By James O'Hare on April 29, 2014
Michael Pineda has received a 10-game suspension for applying a foreign substance to the ball, more specifically pine tar. Though Pineda might have been the most blatant, he is by no means the first pitcher to be caught doctoring the ball. These are 10 pitchers who were caught using pine tar by cameras and/or umpires.
Whitey Ford was never caught using pine tar in a game, but he has since become known for using his wedding ring as well as a turpentine-pine tar mixture to doctor the ball. The Chairman of the Board admitted that in the 1963 World Series, "I used enough mud to build a dam."
Gaylord Perry was a well-known spit baller who, prior to his windup, would touch his cap, eyebrows, forearm, pant leg and basically anywhere you could possibly hide an illegal substance. It was his routine before every pitch, but umpires could never catch him red-handed. Finally in 1982, he was ejected for using a foreign substance.
In the 1988 NLCS, Jay Howell was caught with pine tar in his glove. He was ejected and suspended for three games. Despite the setback, the Los Angeles Dodgers prevailed over the New York Mets and went on to defeat the Oakland Athletics in the World Series.
In August of 2004, Julian Tavarez was caught with pine tar on the brim of his hat. He was ejected and hit with a 10-game suspension.
In June of 2005, Brendan Donelly was caught with pine tar on his glove. Like Tavarez the year before, he was ejected and suspended for 10 games.
In Game 2 of the 2006 World Series, cameras caught what appeared to be pine tar on Kenny Rogers' left hand. He eventually washed it off and was never inspected by an umpire. Still, it caused many to question the legitimacy of his 23 consecutive scoreless innings streak that postseason.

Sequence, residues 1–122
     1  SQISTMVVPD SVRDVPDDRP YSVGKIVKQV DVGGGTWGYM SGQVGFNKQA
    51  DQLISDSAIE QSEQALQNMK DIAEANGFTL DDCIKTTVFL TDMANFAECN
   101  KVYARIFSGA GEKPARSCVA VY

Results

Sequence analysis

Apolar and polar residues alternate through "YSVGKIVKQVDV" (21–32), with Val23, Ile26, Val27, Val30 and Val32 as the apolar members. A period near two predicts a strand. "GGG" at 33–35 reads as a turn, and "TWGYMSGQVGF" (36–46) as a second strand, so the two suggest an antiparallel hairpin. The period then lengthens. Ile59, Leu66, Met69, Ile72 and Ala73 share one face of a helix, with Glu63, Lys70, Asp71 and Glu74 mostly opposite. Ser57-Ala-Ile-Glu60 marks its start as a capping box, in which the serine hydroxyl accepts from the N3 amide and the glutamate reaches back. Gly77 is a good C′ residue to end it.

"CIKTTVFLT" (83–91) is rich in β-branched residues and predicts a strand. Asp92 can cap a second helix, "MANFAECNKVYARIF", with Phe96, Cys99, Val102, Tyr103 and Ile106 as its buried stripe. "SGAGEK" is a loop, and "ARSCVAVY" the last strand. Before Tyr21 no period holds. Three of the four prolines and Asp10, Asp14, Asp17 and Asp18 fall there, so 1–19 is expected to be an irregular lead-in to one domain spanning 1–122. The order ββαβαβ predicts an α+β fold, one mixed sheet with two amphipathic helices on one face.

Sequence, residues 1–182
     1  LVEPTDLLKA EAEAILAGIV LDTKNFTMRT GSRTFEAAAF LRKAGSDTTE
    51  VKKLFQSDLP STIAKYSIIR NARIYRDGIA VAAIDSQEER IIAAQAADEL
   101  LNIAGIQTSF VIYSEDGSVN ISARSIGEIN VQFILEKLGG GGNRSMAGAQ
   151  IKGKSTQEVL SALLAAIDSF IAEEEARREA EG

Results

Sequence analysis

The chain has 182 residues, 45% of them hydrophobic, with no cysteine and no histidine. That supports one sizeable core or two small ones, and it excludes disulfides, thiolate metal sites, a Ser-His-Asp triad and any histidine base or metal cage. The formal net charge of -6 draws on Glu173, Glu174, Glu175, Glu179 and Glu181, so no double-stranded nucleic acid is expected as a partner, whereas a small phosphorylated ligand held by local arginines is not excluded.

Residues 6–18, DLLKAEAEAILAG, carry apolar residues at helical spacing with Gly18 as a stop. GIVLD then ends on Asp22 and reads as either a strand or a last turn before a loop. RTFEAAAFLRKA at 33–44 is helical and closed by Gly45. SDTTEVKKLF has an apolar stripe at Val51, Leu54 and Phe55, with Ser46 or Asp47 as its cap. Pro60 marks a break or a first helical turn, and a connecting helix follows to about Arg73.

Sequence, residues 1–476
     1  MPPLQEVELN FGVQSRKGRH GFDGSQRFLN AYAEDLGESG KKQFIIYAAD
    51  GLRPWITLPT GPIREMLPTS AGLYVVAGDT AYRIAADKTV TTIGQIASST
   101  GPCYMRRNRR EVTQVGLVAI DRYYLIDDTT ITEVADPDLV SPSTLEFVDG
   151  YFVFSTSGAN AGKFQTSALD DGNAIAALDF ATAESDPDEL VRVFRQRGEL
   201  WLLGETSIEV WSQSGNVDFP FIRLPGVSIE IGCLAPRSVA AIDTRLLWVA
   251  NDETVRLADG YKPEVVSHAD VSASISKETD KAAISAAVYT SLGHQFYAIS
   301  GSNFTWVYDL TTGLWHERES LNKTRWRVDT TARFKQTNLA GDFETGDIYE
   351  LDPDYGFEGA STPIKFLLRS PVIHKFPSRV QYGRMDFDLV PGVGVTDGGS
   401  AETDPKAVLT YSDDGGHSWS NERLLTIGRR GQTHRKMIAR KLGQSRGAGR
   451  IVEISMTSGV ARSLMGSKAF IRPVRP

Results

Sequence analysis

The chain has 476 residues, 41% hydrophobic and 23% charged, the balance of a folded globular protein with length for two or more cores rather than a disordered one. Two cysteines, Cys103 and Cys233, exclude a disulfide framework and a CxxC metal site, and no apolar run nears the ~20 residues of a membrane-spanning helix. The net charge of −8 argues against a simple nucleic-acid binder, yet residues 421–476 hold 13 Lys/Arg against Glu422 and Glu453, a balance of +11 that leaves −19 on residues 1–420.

In June of 2012, Joel Peralta was ejected in a game against the Washington Nationals for having pine tar in his glove. The most amazing part of this incident was that he didn't throw a single pitch. It seems too coincidental that two years prior, Peralta had posted a 2.02 ERA for the Nats and led the team in WHIP.
On May 1, 2013, the Toronto Blue Jays' broadcasters and former pitchers Dirk Hayhurst and Jack Morris noticed that Clay Buchholz had some sort of substance on his left forearm. It didn't appear to be pine tar, but it did look like Buchholz was doctoring the ball, possibly with some mixture of sun tan lotion. Despite the accusations, Buchholz was not ejected or suspended.
In the 2013 World Series, cameras caught glimpses of a foreign substance in Jon Lester's glove. However, the St. Louis Cardinals did not protest and Lester stayed in the game -- and won a World Series ring.
Michael Pineda has been caught twice with pine tar this season -- the first time only by cameras, and the second by cameras and umpires. It's mind boggling how he initially got off scot-free and responded by using the substance more blatantly the second time against the same team. He was rightfully ejected after the latter incident and received a 10-game suspension.
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